Risky Business

At my annual physical exam last week, my primary care doctor employed a widely used web-based calculator to plug in cholesterol levels and other risk factors to estimate my likelihood of having a heart attack during the next ten years. I thought this was a neat idea until it produced an answer of 8%.

Wait, you mean I have a one in twelve risk of a heart attack over the next decade? That sounded really high. She calmly and thoughtfully explained that the main value of the algorithm was to help make a judgment about prescribing statins or other interventions that could lower risk. She also noted that anything under 10% at my age was a very good number.

So, I was going to write this post to tell this story and to make the point that these kinds of estimates can be shocking for the uninformed unless we have a context within which to interpret them.

I was also going to assert that the estimates give an impression of precision that may not be valid. What is the standard deviation around the estimate? How often is the actual estimate found to be true?

And, then, like a deus ex machina, the New York Times published this story about the very heart risk calculator that we had been using. The pertinent excerpt:

A new study finds that a widely used version of the ubiquitous heart attack risk calculator is flawed, misclassifying 15 percent of patients who would use it — almost six million Americans, of whom almost four million are inappropriately shifted into higher-risk groups that are more likely to be treated with medication.

Wow. So I revert to my doctor’s excellent advice about diet, exercise, and other life style factors as the main things on which to focus over the next ten years.

Paul Levy is the President and CEO of Beth Israel Deconess Medical Center in Boston. Paul recently became the focus of much media attention when he decided to publish infection rates at his hospital, despite the fact that under Massachusetts law he is not yet required to do so. For the past three years he has blogged about his experiences in an online journal, Running a Hospital, one of the few blogs we know of maintained by a senior hospital executive.

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david@Counseling For Depression

We have got to get more efficient about this if we are going to reduce waste and error in our medical system This is likely going to require the establishment of incentives, both positive and negative, to meaningfully affect physician behavior. I really liked it and this information is worth remembering.


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Eve Harris

looks like we need some moderation in here…
A wonderful opportunity to challenge assumptions! The flawed calculator is disconcerting, but not unprecedented. Regulation is imperfect (hello, salmonella?!) and medical devices are created to make profit — this is more context for Mr Levy and any of us in his position.
Much as I appreciate the comments about the algorithm I especially appreciate the comments based in medicine. Why WOULDN’T the author’s rate of cardiac event be elevated? And why wouldn’t subsequent clinical decisions be made by both patient and doctor in collaboration?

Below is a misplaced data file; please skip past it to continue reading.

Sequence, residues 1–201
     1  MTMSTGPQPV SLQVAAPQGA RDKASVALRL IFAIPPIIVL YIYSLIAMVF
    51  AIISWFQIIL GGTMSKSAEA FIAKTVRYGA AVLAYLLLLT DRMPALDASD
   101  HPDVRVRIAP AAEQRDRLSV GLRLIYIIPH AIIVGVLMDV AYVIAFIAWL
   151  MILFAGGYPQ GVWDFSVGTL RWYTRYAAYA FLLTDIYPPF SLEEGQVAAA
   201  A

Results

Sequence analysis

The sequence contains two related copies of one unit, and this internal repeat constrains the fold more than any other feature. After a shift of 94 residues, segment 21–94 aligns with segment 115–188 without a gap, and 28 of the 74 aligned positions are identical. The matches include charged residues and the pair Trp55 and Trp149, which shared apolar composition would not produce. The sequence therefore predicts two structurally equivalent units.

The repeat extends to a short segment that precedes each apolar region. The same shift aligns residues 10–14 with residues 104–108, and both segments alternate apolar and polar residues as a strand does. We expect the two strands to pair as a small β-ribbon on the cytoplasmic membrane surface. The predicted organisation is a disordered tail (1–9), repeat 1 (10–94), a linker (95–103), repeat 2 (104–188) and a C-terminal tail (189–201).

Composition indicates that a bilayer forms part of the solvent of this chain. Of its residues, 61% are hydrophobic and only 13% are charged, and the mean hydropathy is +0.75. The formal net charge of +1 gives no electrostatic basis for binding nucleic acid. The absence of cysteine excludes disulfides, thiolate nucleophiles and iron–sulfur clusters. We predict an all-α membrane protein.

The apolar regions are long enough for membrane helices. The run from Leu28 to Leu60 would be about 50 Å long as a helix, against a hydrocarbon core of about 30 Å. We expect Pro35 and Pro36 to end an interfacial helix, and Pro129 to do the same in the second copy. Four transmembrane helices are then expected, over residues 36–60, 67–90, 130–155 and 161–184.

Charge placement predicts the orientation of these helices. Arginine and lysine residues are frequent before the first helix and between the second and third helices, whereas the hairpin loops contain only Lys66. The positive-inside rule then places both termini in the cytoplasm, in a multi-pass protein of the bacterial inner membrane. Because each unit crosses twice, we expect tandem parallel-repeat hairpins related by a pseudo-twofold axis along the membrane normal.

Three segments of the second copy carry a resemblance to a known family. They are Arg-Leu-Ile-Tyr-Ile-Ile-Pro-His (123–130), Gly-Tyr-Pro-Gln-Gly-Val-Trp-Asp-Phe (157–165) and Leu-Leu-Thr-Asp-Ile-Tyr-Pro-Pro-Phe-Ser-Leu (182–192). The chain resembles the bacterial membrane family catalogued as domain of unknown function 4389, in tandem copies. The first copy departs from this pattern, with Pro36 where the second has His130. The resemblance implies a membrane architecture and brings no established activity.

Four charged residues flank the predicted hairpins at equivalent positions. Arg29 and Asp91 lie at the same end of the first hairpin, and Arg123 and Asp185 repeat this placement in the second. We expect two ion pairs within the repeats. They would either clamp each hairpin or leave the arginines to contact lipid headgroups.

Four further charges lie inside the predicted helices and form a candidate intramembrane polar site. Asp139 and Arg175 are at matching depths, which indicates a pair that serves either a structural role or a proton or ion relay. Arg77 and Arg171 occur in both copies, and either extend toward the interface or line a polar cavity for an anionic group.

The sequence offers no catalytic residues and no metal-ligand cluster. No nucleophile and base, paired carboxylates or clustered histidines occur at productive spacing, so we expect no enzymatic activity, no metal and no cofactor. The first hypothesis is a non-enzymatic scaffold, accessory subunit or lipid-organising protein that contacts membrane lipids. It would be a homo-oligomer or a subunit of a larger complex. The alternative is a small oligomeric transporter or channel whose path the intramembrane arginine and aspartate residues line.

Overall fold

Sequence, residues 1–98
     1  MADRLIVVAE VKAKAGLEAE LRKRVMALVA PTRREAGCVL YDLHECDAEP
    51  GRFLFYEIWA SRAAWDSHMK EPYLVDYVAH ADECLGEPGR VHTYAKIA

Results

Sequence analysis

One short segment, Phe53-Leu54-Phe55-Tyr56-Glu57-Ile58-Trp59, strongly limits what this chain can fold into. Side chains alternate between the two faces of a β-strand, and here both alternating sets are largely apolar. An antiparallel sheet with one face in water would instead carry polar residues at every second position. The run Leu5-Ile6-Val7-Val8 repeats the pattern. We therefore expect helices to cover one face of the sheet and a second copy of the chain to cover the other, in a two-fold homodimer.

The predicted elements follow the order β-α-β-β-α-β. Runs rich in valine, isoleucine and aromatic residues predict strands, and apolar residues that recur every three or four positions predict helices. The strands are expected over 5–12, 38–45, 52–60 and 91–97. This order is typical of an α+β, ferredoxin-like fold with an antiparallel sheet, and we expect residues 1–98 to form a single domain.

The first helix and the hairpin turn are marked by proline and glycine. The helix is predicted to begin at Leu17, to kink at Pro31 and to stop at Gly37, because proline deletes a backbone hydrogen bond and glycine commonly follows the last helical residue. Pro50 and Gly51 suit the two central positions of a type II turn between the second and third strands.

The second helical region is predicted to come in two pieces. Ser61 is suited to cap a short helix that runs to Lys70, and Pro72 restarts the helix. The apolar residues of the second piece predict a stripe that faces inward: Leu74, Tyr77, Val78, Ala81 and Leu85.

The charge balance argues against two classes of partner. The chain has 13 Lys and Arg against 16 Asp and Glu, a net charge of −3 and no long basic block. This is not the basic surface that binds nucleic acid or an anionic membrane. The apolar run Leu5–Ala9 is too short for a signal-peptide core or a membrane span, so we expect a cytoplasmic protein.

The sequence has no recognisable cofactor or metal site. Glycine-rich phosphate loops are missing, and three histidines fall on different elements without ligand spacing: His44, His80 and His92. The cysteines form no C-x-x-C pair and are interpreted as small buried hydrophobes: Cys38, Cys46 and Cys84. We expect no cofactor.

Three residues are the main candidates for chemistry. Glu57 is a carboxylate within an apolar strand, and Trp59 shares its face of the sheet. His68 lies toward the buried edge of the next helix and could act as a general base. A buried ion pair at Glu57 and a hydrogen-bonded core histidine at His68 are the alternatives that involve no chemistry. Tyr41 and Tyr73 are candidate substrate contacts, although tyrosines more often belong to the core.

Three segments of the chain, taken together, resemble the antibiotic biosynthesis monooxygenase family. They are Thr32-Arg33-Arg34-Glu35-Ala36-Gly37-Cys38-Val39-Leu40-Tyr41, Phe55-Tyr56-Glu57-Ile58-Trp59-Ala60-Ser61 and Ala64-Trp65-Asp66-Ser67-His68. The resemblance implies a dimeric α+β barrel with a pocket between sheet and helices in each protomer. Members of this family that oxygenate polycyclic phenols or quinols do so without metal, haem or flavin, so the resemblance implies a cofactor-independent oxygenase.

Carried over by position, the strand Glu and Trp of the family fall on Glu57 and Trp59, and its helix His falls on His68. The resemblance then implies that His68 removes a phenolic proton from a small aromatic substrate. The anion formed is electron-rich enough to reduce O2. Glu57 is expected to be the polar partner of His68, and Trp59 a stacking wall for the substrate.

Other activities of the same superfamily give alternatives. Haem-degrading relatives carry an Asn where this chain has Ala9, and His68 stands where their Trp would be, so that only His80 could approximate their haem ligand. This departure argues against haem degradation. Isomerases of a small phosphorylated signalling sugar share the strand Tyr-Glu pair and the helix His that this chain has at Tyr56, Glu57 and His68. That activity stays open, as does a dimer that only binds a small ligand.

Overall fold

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Graham Chiu

Much to do about nothing here. The thesis here is that some doc is going to use the simplified formula to decide whether or not you’re going to get a statin. But statins have not been shown to be useful in primary prevention. And the high risk patients ( diabetics, previous cardiovascular event ) are already taking a statin. So, really the worse result of a slightly higher percentage is that the doc might ask you to lose a little more weight, or be more aggressive in treating to target.

Lifetime Wellness

That is scary. Imagine how many uninformed people took the advice of their doctor and went on statins based on this flawed method! Thanks for sharing, everyone needs to hear this!

Lisa Suennen

I am amazed by the manner in which unvalidated diagnostics become relied-upon physicians tools. The only thing more frustrating is that physicians, on average, so slowly move to discard these tools when they are proven inaccurate/unhelpful. It is estimated that newly documented best practices take somewhere between 7-15 years from the time they are first published in a reputable journal such as NEJM to the time they trickle down broadly throughout American physician practices. We have got to get more efficient about this if we are going to reduce waste and error in our medical system This is likely going… Read more »


It just goes to show. Illusion is not reality. If they tested HIT devices and CPOE devices and accurately recorded all adverse events from the attendant delays in care and “lost and hidden” data, and the intrinsic flaws and defects of the devices, similar “shocking” results are likely. I can not believe that the leadership of this country, partnering with HIT vendors and hospital executives, are spending $ billions on devices that have no methodological proof of safety and efficacy on overall care of the patients, aka government guinea pigs. If you take away the work arounds, unexpected death will… Read more »


Just dashed the plans of a number of PMR developers who were using the web app to factor lab results and history into generating a product which would report with micrometer precision whether you were going to die today.